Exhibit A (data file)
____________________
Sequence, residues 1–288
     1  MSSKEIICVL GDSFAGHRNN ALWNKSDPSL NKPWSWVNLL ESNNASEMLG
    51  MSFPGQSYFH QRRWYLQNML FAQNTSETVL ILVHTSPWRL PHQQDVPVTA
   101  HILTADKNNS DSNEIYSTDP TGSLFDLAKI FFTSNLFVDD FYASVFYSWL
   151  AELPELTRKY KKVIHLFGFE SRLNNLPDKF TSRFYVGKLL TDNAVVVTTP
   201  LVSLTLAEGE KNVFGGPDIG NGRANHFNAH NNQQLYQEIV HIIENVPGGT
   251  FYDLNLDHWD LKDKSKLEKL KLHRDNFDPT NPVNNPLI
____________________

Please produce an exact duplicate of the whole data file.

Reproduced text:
Sequence, residues 1–288
     1  MSSKEIICVL GDSFAGHRNN ALWNKSDPSL NKPWSWVNLL ESNNASEMLG
    51  MSFPGQSYFH QRRWYLQNML FAQNTSETVL ILVHTSPWRL PHQQDVPVTA
   101  HILTADKNNS DSNEIYSTDP TGSLFDLAKI FFTSNLFVDD FYASVFYSWL
   151  AELPELTRKY KKVIHLFGFE SRLNNLPDKF TSRFYVGKLL TDNAVVVTTP
   201  LVSLTLAEGE KNVFGGPDIG NGRANHFNAH NNQQLYQEIV HIIENVPGGT
   251  FYDLNLDHWD LKDKSKLEKL KLHRDNFDPT NPVNNPLI